That the Chicago White Sox were only slightly more dreadful than their crosstown rivals in Friday’s 11-9 descent into madness provides little recompense. After all, it was a game that, at least from the pitching end, would have been better suited for February play, not a tuneup 10 days from Opening Day.
Lucas Giolito started and, as is his spring wont, came away positive with his effort. He was particularly pleased with the feel of his curve, some “10 times” better than it was a year ago, per comments postgame. And he did whiff seven Cubs over five innings — including four in the first frame, courtesy of a dropped third.
But before Giolito walks away to the whirlpool too slap-happy, the lanky righthander still surrendered two (solo) homers, six hits, two walks and four earned runs over those five innings. Perhaps such postgame pride is a boon of diminished expectations.
Problem was, unlike other outings for Giolito this spring, his bullpen did little bail him out today. We may be entering official bunchy-underwear territory with last year’s rookie southpaw phenom Jace Fry, who subbed for Giolito in the sixth and failed to survive the frame, giving up two earned, two hits, and a homer before getting the hook.
“Previously Teflon” Dylan Covey applied a touch more lighter fluid to the flaming wreck at Camelback Ranch, surrendering an RBI single to his first batter, Albert Almora, and promptly whiffing on a pickoff throw against pinch-runner Wyton Bernard. Covey only escaped the inning thanks to Leury García, who fielded a second straight hit, David Bote’s single, and nailed Bernard trying to score. In the seventh, Covey surrendered three more singles and two runs, ending the outing having given up five hits and two earned in 1 1⁄3 innings.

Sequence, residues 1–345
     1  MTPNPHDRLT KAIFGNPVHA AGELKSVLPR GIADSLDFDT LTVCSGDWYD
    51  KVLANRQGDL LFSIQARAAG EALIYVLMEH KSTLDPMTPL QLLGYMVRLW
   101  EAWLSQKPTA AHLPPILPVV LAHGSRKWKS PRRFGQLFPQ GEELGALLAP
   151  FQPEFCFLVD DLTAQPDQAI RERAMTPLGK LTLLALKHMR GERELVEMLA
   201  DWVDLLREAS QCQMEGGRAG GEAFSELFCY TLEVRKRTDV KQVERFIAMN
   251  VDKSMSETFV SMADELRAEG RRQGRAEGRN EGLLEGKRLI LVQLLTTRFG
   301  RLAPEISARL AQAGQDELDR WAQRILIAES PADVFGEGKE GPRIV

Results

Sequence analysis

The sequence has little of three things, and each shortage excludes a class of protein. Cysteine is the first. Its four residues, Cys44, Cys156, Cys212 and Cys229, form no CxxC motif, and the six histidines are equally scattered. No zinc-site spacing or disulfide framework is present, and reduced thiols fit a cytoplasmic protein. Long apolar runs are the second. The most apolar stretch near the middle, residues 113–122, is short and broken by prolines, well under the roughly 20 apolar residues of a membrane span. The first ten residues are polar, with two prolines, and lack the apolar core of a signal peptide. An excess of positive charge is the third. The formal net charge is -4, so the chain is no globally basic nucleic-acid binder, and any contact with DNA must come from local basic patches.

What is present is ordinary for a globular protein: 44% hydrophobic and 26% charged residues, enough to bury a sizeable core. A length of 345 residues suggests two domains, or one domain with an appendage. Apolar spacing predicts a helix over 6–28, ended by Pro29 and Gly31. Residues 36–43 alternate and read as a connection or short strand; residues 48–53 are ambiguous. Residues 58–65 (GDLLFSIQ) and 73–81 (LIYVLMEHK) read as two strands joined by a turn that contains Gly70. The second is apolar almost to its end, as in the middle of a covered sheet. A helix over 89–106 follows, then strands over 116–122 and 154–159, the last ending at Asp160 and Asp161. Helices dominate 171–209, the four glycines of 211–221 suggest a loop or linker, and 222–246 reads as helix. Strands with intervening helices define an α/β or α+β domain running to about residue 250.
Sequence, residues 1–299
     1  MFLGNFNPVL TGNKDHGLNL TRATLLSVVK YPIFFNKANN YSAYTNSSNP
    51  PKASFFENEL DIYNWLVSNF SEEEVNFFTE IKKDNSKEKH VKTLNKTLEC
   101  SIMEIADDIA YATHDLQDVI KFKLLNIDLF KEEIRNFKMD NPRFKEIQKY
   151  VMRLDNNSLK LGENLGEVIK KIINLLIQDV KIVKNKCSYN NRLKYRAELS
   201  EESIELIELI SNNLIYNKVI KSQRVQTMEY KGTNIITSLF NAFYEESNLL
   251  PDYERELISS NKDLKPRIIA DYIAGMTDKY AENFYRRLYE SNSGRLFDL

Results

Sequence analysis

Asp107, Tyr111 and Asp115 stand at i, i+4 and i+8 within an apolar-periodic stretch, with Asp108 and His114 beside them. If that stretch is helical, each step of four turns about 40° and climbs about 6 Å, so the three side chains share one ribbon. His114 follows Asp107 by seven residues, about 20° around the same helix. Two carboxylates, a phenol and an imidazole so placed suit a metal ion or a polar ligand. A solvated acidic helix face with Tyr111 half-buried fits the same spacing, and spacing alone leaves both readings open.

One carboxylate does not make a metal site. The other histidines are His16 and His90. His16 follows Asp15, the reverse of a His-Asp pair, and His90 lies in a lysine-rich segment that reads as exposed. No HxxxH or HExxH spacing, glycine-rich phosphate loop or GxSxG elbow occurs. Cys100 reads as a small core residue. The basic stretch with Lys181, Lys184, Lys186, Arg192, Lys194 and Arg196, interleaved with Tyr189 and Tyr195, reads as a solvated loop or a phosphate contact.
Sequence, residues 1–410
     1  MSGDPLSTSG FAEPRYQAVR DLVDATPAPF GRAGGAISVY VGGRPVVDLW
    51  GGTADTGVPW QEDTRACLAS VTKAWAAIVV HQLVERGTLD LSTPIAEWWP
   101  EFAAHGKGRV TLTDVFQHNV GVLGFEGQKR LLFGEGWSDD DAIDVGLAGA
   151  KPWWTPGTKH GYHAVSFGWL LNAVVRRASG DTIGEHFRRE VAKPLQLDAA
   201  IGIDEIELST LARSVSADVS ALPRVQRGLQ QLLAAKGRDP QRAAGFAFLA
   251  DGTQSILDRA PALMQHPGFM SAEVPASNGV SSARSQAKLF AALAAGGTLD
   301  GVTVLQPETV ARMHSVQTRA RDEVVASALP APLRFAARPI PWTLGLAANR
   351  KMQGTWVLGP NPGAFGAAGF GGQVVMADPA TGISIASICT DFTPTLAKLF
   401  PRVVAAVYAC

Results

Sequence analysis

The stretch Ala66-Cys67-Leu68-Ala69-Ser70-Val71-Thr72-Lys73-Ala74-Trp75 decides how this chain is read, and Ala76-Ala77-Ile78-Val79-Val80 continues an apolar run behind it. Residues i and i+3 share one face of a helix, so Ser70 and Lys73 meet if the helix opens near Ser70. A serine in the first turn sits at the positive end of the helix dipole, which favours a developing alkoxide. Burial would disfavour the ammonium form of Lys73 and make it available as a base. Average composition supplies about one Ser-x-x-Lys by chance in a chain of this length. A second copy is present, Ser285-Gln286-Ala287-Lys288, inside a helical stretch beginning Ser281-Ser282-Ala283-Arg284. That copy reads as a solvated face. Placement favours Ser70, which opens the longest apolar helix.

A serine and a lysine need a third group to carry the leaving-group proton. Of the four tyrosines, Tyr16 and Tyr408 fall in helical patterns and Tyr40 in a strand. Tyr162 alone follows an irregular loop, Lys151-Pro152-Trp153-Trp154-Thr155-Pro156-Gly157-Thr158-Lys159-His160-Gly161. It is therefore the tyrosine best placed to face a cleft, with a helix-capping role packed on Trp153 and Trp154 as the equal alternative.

The good side of the White Sox surrendering eight runs in the first seven innings was that the Cubs did same. After a James McCann RBI single got the hometown heroes on the board in the third, Yoán Moncada took a first-pitch, outer-half changeup from northside $20 million southpaw Cole Hamels deep to left field for a three-run bomb that put the White Sox up, 4-3. Oh, and hell yeah, Nancy Faust was on hand to tickle the ivories, attempting to coax a curtain call outta Yoán with a “Na Na Hey Hey (Kiss Him Goodbye)” straight outta 1977.
Moncada has shown some prodigious production from the right side this spring, and jumping on first-pitch changeup cheese from Hamels is a reflection of his increased aggression at the plate. Tentatively, pencil Moncada in for far fewer caught lookings this season.
After the Cubs tied the game back up in the fourth, Brandon Guyer tapped an RBI safety to drive in Adam Engel in the bottom half, putting the White Sox back up, 5-4.
Finally, after the Cubs pushed ahead with their clubbing of Covey, the baby Sox took over and rallied to tie in the bottom of the seventh. After Zack Collins led off with a K came three straight hits, trailed by a Laz Rivera double, to get one run on the board. After Danny Mendick was cut down at home on a Nick Madrigal tapper to third for the second out, Luis Robert got all clutch again, with a double down the left-field line to plate two and knot the game, 8-8.